“Cheekh” upset audiences greatly with the death of Shayaan, altering the audience opinion of the show. A show that began with a strong message about empowerment, speaking out and utilizing a voice for good – and most importantly, to not fear social stigma and influence of “the powerful” – lost track when Mannat (Saba Qamar) lost her unborn child, her mother, her sanity and, ultimately, her husband. Now finally released, her character has been left with nothing. What, therefore, is the point of the show? Unfortunately, this is a pattern with shows written by Zanjabeel Asim Shah. The last show, “Balaa,” while a great show, also followed this premise – stripping the main character of everything before he/she is finally able to fight back. What drive does an individual have when their purpose for living is gone? This is the point where shows like “Cheekh” lose the audience.
In this episode, Shariq and Mannat have now teamed up to propel Wajih to his doom. Wajih had conspired to have Mannat committed to an asylum and now Mannat is out for revenge, looking to pay Wajih back for all she has been through at his hands. Now supported by practically everyone on the show (what a change), Mannat and Shariq come up with a plan to scare Wajih into believing Shariq Is going to hurt Hayaa in revenge. Wajih begins to stress and “lose it” in a way – because when something bad is done to your loved ones, you then realize how others feel. What’s a little unpalatable about this is that Wajih murdered a girl, killed his own brother, caused his eldest brother to be paralyzed. and now we are supposed to believe that his sister being kidnapped would drive him mad? This one is questionable – though possible, as Hayaa is his only “healthy” relative left. Hayaa and Shariq get married, Shariq choosing to protect Hayaa through the madness and Hayaa understands the necessity of the plan against Wajih. This sums up the happenings of the episode and one does not have to use too much brain-power to guess Wajih’s ultimate end.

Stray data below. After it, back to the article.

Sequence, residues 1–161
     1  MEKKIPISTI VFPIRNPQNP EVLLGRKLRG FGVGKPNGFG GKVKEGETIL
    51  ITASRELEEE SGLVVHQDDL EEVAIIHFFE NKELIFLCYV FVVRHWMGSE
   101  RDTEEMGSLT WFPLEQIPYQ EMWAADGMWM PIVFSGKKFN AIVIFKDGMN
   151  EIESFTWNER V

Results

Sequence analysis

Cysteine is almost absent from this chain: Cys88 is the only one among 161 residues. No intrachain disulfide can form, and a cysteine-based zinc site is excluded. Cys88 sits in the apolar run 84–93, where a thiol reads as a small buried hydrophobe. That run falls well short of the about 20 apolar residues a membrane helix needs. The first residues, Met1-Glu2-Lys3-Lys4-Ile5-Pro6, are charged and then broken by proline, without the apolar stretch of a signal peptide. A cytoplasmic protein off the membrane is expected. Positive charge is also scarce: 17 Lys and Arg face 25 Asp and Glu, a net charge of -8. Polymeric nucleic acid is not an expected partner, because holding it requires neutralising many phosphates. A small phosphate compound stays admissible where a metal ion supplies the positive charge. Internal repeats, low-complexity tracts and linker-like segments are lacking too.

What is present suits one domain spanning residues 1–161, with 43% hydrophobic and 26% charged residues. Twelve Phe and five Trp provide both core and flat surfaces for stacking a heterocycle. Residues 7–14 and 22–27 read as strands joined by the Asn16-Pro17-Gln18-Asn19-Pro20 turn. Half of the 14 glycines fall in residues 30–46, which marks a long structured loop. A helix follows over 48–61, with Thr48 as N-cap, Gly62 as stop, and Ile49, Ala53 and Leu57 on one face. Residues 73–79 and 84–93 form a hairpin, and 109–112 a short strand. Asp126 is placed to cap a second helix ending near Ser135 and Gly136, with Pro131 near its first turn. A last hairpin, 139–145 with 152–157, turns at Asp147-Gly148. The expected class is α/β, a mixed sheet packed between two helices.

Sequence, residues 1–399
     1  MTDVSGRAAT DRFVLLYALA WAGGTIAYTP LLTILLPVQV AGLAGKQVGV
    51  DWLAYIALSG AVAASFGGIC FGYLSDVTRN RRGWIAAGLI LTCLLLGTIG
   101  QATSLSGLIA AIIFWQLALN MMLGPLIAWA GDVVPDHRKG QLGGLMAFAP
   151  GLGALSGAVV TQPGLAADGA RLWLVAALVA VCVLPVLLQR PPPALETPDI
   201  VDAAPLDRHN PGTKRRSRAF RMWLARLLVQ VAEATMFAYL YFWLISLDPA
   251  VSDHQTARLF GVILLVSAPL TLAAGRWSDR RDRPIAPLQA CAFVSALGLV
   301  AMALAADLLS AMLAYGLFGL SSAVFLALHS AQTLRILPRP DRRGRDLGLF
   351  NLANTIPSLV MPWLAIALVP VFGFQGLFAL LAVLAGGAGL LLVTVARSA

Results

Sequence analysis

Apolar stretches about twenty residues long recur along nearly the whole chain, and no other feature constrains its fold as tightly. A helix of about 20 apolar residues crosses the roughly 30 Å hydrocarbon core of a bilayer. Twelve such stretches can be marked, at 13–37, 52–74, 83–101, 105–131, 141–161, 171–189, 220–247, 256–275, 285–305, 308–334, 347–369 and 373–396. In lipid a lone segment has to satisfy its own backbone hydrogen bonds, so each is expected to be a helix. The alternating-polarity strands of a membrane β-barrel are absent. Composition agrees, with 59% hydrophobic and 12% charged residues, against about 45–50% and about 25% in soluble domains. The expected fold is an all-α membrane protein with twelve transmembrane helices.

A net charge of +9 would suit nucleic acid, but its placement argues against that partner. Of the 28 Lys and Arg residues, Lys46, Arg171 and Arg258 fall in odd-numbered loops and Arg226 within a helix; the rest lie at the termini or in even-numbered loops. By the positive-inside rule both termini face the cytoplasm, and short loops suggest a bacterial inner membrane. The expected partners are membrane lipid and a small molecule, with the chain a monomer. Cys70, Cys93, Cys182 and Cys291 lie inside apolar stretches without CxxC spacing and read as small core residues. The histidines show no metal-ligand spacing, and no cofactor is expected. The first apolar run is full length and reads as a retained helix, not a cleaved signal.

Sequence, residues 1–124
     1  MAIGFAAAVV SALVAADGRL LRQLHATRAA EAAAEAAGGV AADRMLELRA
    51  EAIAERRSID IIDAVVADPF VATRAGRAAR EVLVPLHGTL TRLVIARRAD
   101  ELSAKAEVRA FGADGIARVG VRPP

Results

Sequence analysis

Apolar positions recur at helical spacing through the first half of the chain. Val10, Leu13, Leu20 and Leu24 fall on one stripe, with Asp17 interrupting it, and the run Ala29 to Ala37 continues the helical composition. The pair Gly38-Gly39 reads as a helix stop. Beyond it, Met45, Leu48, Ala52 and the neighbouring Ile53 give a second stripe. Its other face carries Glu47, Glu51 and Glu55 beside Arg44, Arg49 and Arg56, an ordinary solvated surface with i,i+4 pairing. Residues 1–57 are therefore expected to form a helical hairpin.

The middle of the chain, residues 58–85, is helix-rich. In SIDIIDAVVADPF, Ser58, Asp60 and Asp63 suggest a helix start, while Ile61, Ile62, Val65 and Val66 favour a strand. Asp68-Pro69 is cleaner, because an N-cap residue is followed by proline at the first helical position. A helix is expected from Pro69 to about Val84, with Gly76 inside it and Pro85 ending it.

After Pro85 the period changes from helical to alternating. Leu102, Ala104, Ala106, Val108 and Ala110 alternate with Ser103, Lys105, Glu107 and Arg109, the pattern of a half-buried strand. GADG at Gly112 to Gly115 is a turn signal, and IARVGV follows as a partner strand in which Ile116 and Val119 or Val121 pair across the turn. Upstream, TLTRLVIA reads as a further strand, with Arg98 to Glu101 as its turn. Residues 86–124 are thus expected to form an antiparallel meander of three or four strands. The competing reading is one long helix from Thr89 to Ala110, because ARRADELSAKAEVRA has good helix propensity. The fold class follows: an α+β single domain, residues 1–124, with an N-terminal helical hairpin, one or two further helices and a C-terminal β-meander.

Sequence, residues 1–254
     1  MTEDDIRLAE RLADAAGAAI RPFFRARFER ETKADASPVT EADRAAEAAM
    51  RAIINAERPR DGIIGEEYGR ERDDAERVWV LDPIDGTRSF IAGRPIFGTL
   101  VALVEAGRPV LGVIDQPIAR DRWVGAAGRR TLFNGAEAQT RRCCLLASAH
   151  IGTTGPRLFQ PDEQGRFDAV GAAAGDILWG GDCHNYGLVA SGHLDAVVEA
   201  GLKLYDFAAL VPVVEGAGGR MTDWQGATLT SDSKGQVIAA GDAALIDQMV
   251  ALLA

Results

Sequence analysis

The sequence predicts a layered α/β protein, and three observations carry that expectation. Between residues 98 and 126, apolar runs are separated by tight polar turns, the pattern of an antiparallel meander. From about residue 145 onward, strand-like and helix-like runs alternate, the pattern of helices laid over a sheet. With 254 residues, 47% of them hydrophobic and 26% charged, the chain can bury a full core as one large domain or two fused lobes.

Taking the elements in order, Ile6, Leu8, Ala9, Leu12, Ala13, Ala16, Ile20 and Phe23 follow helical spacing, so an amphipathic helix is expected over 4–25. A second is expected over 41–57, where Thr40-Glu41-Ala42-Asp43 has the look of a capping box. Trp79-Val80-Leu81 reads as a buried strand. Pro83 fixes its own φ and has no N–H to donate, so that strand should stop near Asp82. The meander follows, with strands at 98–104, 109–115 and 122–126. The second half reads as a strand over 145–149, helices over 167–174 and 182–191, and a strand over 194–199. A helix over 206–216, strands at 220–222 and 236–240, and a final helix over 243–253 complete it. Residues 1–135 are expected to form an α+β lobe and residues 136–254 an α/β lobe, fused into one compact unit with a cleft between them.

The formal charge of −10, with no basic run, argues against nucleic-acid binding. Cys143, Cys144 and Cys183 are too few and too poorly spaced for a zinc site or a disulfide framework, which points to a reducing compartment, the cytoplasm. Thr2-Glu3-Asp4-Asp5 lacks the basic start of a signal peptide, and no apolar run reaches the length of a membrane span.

Despite all of this, the acting team of “Cheekh” deserves a round of applause for their performances in this episode (and all of the past episodes as well). While Saba Qamar is a powerhouse of talent and has made her acting capabilities known to the country consistently with each show, she continues to keep viewers hooked due to her great performance as Mannat. Mannat has gone through more than an average person would ever go through and has connected with viewers through Saba’s humanization of her. Aijaz Aslam deserves a standing ovation for his performance as Yawar. Whether playing the strong, confident patriarch of the family or now playing the downtrodden, paralyzed, full-of-regret version of Yawar, Aijaz Aslam has made the audience do a full 180 on their feelings towards the character. He is that protective, loving, I’ll-do-anything-for-my-family character that fell prey to his own actions. It’s tragic to see Yawar’s current state and that’s due to Aijaz and his acting. Of course, who can forget Bilal Abbas Khan? One of the best performances of the year, Wajih is a character who is spoiled, entitled and unapologetic for his actions – even if those actions involve murder. What’s fascinating about Bilal’s portrayal is that when Wajih is described as “jaanwar” (animal), the otherwise soft, sweet-faced Bilal makes this label come to life. The entire ensemble cast of Cheekh deserves credit, including Noor Ul-Hassan, Azekah Daniel, etc. While “Cheekh” no longer falls in the list of “powerful shows” for this viewer, the show overall has delivered something different for viewers, much like its predecessor “Balaa.”